Christmas Shopping And Cancer

It is that time of year in which we all venture out for the perfect gift for a friend or loved one. I happened to be at a general/hardware store looking for a camping item for one of my friends, while playing dodge the fellow shopper to jingle bells being played overhead.

My mother asked for a few cooking and baking utensils, so I happened to venture down the aisle looking for the perfect fit to her wish list. I, like most men, walked around until I found the aisle that looks like it has a bunch of cooking items and began to walk aimlessly back and forth trying to find the magical Wilton pan.

I walked up and down the aisle 2 or 3 times, and then, out of the corner of my, to my surprise, there it is, not the magical Wilton Pan, but this:

photo 1

That’s right, a pressure cooker. Not just any pressure cooker, but one that was written in spanish, and supports breast cancer research and awareness.

It made me stop and think, “Would my mother love a pressure cooker that is written in spanish, probably because it makes wonderful spanish rice, and  supports breast cancer research?” I bet she would.

I then had another thought come to my mind. Why did they choose a pressure cooker? What does it have to do with breast cancer and research? Is it because most women wear a bra and they consider them to be pressure cookers for their breasts? Or is it that if I was a woman and wore a bra that they added pressure could lead to breast cancer? Or is it if I make food in this pot that I won’t get breast cancer?

What was the story that Presto was trying to convey?

So I then did what any normal “geek” would do, I began the hunt for more cancer related products.

This is what I found (remember I am in a general/hardware store):

photo 2

Water bottles!

photo 3Nail polish and stickers.

photo 4Designer bracelets and rings.

All focused on breast cancer.

Now, don’t get me wrong. I think this is a huge accomplishment. We as a community of patients, providers, and advocates have made breast cancer relevant. We have banded together to make the stories a part of everyday conversation, of our common language, of our sharing with one another. It is not a bad thing to say you have breast cancer. It’s an everyday occurrence where we read, hear, or learn of someone within our circle being impacted by breast cancer.

This is a huge win.

Yet, I still question why hasn’t anyone been creative enough to market all of the other cancers as well? Why haven’t we made it part of the common language, the stories that we share with friends or over coffee? Why is there not an entire aisle dedicated to cancer related items?

I mean we could have air compressors that support lung cancer. Or perhaps washable markers, or invisible ink? Lung cancer, the cancer we don’t see. Maybe it is a line of glasses or contact lenses for lung cancer? A play on words.

Maybe for colorectal or anal cancer we could have toilet paper with daily messages on how to change our diets to help prevent colorectal cancer?

Perhaps for head and neck cancer we could have Kleenex or facial tissues to bring awareness? Every time you sneeze you impact a person with head and neck cancer?

What about walnuts for prostate cancer?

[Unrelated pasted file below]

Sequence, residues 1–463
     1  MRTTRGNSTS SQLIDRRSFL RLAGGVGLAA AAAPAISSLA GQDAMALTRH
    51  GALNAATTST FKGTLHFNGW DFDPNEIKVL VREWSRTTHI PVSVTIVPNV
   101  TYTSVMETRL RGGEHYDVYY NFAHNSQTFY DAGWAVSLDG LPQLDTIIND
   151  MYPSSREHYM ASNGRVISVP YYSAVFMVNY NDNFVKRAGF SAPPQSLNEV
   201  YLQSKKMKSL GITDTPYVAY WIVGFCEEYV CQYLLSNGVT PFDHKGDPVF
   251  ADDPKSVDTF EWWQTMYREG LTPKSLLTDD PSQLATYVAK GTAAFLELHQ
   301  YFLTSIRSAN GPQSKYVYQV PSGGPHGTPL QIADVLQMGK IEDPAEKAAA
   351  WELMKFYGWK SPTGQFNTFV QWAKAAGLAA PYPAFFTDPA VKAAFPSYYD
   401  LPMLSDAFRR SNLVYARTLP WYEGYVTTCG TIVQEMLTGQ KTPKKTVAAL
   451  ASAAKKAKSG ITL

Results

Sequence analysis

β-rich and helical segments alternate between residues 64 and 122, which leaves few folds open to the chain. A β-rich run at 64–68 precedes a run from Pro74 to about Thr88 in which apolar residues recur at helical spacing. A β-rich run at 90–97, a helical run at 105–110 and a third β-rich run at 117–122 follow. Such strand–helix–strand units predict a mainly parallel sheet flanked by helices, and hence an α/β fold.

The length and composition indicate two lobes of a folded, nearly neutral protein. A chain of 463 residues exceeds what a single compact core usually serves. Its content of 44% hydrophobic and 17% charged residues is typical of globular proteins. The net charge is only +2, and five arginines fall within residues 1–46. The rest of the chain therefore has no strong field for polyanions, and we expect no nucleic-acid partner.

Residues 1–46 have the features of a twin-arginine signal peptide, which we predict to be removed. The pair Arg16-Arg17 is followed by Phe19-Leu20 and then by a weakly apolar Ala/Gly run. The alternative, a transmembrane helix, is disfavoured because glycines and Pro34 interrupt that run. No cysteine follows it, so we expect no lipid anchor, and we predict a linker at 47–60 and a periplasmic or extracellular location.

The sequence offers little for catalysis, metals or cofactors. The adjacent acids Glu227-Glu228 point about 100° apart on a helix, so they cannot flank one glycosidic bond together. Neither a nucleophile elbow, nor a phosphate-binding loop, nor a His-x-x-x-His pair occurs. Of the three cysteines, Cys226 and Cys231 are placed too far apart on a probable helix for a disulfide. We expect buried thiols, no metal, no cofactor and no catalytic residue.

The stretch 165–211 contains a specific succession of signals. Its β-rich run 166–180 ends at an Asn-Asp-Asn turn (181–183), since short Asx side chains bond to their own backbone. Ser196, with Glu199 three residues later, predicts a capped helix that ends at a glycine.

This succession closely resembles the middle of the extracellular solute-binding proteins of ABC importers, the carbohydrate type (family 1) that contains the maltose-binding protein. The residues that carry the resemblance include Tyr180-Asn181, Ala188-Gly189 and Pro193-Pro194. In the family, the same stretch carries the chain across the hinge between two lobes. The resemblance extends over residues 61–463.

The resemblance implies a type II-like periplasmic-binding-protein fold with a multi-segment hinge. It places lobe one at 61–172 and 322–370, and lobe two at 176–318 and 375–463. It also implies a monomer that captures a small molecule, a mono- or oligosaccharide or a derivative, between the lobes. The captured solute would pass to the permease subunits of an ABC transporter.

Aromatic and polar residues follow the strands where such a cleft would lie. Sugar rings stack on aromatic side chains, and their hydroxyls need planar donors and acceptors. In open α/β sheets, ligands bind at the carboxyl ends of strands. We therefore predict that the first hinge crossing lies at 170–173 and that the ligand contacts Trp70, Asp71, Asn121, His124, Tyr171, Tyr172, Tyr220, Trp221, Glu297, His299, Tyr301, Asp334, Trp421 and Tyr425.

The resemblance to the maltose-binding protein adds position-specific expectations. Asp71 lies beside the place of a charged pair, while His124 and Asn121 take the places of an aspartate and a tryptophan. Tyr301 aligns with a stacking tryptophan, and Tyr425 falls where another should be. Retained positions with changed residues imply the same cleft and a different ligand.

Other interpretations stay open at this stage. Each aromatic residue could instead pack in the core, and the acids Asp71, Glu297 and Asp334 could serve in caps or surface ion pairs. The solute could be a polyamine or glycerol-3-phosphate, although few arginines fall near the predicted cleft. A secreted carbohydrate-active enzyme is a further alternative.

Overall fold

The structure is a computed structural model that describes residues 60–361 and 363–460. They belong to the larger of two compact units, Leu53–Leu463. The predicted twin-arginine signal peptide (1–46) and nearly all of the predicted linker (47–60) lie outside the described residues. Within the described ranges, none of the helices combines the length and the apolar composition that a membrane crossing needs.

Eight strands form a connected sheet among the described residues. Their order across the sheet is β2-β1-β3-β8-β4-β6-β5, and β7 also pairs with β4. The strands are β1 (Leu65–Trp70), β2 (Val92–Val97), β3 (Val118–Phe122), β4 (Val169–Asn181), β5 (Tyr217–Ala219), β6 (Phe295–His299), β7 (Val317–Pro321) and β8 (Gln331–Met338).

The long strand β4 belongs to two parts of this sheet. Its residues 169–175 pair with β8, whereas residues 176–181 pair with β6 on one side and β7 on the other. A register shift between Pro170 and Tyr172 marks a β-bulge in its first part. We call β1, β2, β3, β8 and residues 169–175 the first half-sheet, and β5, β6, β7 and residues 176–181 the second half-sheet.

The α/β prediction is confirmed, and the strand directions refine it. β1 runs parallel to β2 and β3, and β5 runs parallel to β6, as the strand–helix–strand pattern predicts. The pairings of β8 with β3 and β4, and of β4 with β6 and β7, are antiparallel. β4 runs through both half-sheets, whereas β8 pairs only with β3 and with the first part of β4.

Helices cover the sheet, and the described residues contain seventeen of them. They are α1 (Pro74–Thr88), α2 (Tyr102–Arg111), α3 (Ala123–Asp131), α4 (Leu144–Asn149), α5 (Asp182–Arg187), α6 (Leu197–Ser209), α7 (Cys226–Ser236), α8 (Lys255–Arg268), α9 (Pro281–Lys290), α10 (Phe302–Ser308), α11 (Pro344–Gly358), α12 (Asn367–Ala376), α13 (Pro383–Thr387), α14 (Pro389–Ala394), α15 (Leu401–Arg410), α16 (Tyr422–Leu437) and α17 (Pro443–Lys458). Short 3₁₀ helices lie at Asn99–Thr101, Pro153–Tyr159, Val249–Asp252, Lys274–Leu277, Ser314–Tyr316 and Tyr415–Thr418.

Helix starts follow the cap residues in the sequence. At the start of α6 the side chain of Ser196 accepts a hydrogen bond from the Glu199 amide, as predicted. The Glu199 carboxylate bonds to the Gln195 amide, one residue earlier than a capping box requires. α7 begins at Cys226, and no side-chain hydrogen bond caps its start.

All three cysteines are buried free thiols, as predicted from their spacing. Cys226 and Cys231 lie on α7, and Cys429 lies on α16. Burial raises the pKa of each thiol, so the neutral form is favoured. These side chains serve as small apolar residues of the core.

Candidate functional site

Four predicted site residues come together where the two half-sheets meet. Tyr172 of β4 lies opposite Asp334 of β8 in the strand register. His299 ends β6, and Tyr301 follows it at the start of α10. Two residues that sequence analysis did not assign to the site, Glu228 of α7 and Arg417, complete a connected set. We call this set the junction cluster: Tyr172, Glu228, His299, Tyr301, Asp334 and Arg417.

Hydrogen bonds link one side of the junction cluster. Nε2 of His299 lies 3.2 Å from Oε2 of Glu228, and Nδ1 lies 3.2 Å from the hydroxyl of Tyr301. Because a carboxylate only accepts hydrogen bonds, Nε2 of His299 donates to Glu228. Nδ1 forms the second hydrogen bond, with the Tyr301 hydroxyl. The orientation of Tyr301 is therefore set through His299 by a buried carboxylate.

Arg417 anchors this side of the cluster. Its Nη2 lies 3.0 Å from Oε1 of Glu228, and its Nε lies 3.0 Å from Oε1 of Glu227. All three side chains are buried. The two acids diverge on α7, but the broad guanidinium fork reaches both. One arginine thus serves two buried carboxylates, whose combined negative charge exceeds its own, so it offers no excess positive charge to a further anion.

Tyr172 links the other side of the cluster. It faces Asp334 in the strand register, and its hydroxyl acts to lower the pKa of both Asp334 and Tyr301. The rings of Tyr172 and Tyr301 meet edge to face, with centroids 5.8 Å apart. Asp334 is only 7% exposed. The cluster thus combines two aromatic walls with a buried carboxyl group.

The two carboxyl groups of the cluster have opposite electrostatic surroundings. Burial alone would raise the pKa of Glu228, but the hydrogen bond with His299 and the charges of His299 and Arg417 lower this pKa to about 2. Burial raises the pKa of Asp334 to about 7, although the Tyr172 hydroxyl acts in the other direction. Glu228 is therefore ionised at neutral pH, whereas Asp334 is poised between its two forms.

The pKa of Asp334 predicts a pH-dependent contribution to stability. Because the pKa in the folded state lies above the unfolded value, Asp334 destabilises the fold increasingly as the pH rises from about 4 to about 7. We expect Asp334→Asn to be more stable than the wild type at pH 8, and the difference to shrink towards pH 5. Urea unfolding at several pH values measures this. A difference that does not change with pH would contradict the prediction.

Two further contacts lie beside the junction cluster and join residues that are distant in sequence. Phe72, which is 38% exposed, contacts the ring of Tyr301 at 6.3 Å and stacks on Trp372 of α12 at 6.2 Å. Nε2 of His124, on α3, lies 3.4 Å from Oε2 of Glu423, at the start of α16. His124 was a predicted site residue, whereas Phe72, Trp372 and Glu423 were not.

Or billiard tables with cue sticks and pool balls for testicular cancer awareness?

Hats, nail polish, shoes, shoe laces that change by month for each specific cancer and the respective months of awareness?

One could develop an entire food or clothing line for all cancers.

Heck, if we wanted, we could expand the conversation and ask why isn’t there a line of cutlery or silverware that are for surgeons? Will DaVinci cross promote a line for sushi? Or perhaps pharmaceuticals could cross brand molecular gastronomy products?

Okay, so perhaps I took this story a bit far, but I hope you get the point.

Breast cancer has done wonderful things for all of us impacted by any type of cancer. It has made it okay to say the word cancer. It has made the topic relevant and mainstream. It has given cancer a face and a voice.

It is now up to all of us that use the multiple #cancer hashtags to facilitate relevancy for the other cancers as well.

I hope next year I will be able to tell the story of buying everyone on my wish list an item that supports each specific cancer diagnosis. A story of bringing a Christmas smile to someone opening one of my presents, and a smile to a cancer patient or family that my money has gone to support.

As always, you can feel free to contact me at: CANCERGEEK@GMAIL.COM or follow me on twitter @cancergeek


#PtExp #PX #cancer #hcldr #hccosts #hcsm #stories #storytelling #lcsm #bcsm #hcmktg #mktg #storyteller #hcbiz

One response to “Christmas Shopping And Cancer

  1. i’d be happier to see the money spent on pinkification going to research, but only a very thin slice of it does.

    A pink-ribbon NFL item costing $100 – of which there are hundreds, including Wilson Official Pink Ribbon balls for $129.95 – only delivers $3.54 to research. The NFL keeps $45. Not sure where the other $51.46 goes, but according to this piece in Business Insider ( it’s all about increasing “awareness.” I, and many others, have been on the record for years about our opinion of “awareness” – I’m mostly aware of how very sick I am every October, when the pinkification of planet Earth proceeds, while the incidence of breast cancer continues to rise. A post from 2011:

    It would be much better for #cancer to take a lesson on over-branding a disease from the Komen Pink Draperies Fiesta, and learn how to make fighting cancer less about buying more crap. Maybe make it more about defeating a deadly disease, and not “awareness” – who is not “aware” of cancer? Other than possibly a three year old.

    While we fiddle on pink violins, cancer burns on. Time to work on some real fire extinguisher science.

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